Here are some suggestions for supporting your child at college:
Stay connected: Even though your child may express the need to be independent, he/she still needs to know that you are available to talk about normal events and difficult issues. So, discuss with your child a reasonable plan for you to stay in touch on a regular basis whether it’s through writing, emails, texting, skyping or over the phone.
Allow some space: Give your child some room to get settled into their new life. Let your child set the priorities for some conversations. Ask open-ended questions and give him/her room to explain him/herself to you.
Discuss expectations: Don’t wait until there is a problem to talk about what you expect. Set up some time to talk to your child and agree on expectations, e.g., how often you expect to be seeing or speaking with him/her, money matters and so on. Negotiate a realistic plan.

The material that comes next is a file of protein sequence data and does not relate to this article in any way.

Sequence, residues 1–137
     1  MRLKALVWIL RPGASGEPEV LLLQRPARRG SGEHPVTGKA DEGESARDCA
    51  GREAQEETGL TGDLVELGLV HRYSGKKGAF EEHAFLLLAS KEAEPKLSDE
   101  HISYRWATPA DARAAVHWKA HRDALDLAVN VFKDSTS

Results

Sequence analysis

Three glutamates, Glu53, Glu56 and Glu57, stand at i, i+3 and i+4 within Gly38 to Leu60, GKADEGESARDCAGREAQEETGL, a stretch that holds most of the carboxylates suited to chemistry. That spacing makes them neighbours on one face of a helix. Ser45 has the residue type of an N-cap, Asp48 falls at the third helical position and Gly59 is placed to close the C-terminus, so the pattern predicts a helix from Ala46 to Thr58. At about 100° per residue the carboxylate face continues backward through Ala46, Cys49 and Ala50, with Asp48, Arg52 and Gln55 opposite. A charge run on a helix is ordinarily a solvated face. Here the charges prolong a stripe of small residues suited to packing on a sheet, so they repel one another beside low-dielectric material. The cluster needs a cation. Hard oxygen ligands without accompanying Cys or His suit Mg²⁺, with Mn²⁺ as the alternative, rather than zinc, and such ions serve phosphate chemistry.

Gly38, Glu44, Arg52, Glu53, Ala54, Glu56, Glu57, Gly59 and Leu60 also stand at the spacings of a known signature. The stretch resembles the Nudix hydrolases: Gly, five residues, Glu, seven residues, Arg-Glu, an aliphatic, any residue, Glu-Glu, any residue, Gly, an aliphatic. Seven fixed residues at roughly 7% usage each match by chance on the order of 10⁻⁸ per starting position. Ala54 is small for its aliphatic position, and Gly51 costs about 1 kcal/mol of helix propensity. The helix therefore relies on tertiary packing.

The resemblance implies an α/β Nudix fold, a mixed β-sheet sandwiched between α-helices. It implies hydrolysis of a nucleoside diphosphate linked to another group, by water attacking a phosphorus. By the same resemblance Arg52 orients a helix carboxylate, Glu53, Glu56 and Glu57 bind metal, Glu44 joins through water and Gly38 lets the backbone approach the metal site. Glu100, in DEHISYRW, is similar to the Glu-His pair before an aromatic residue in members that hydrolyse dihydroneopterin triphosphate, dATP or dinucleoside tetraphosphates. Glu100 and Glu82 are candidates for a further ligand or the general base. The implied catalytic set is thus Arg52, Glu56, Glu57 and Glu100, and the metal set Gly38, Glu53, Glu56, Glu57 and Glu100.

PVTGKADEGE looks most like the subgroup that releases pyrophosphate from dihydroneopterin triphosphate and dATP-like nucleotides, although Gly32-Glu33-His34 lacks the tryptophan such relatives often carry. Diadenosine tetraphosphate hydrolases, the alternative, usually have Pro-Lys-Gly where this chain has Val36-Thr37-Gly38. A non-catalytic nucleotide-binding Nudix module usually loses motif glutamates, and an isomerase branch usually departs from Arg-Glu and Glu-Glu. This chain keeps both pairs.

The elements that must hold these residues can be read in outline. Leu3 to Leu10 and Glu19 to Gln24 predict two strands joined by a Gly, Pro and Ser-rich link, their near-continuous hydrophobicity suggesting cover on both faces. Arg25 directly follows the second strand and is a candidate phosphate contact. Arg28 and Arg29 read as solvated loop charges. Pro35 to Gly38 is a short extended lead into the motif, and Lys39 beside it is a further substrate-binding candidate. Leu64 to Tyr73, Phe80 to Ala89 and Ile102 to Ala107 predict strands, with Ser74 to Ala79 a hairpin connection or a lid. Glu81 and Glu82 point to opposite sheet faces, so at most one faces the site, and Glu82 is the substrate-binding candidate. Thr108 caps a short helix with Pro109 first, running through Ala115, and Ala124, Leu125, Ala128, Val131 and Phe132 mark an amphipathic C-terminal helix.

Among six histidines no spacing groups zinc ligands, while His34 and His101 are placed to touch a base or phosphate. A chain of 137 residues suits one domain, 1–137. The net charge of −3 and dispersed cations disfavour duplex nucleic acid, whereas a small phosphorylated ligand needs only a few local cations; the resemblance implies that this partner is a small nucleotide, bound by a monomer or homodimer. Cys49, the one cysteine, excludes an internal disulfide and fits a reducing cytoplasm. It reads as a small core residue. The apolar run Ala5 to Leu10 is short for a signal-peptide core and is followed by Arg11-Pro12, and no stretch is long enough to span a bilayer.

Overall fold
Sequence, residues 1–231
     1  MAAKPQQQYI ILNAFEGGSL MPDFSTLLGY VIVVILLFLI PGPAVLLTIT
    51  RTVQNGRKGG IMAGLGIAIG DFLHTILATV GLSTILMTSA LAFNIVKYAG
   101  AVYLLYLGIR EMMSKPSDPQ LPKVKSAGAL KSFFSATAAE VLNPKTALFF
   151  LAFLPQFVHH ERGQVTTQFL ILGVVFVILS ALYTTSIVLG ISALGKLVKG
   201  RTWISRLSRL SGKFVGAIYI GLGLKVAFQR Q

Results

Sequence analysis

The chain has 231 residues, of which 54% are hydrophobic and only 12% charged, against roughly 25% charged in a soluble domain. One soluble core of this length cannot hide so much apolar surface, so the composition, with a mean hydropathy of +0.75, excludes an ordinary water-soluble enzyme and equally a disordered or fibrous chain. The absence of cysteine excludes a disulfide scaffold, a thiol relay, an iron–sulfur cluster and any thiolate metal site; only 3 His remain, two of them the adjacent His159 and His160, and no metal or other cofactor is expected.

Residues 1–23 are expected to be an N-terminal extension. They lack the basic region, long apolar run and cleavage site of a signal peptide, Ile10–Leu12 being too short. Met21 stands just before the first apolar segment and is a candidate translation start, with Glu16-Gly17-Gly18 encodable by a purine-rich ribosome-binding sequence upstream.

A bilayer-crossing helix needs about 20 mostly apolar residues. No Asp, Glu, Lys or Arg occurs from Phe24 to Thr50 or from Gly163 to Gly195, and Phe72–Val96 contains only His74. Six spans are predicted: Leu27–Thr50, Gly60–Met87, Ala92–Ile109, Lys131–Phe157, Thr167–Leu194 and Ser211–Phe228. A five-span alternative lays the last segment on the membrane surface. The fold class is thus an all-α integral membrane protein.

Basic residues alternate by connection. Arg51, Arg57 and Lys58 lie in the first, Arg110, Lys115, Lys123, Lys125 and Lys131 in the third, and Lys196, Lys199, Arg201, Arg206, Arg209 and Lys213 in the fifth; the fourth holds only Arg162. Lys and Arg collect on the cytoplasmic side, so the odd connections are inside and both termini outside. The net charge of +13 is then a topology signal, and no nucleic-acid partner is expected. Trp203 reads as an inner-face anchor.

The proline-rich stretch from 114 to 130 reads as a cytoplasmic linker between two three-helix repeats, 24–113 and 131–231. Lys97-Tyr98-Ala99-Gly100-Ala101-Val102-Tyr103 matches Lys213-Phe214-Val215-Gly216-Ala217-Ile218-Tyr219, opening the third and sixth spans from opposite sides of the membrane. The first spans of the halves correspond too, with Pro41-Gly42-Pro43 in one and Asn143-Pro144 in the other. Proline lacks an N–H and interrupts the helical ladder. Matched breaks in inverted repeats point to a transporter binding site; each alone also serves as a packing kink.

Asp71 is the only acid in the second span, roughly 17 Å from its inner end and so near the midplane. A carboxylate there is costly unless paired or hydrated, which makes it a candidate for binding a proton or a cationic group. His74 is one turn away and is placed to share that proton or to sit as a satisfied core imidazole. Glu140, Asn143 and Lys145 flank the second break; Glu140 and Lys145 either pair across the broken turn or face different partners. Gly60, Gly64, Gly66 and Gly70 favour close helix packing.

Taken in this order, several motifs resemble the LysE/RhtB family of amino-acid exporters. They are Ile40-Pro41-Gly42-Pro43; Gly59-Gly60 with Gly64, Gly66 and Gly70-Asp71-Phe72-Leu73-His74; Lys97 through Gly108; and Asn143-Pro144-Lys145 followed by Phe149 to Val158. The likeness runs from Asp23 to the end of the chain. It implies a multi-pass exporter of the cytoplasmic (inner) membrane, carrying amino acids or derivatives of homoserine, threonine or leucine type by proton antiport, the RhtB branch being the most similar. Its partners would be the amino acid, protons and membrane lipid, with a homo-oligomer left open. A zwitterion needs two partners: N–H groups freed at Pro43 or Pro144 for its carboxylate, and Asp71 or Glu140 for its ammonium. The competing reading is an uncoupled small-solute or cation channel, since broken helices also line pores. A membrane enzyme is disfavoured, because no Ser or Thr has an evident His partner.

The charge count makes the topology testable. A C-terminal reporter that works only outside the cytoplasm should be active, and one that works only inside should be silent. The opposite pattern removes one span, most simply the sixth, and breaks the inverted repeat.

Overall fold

Be realistic about college life: College life is quite hectic and most students find their time crammed because of numerous academic and social obligations. Plan in advance so the time that you have becomes meaningful. Take the time to remind your children to take care of themselves physically and emotionally as well as academically. A balanced life that includes work, play and rest is essential to a healthy student.
Pick your battles: Conflicts are a part of the normal parent-child relationship. Sometimes it is ok to agree to disagree. However, when issues do arise, you may want to prioritize what’s really important to you and decide which issues you are willing to let go.
Encourage your child to make use of Rutgers resources: Rutgers is a big and oftentimes confusing place. However, Rutgers also offers numerous resources to enhance your child’s experience while in college. You can help your child by suggesting various resources when you think it’s appropriate.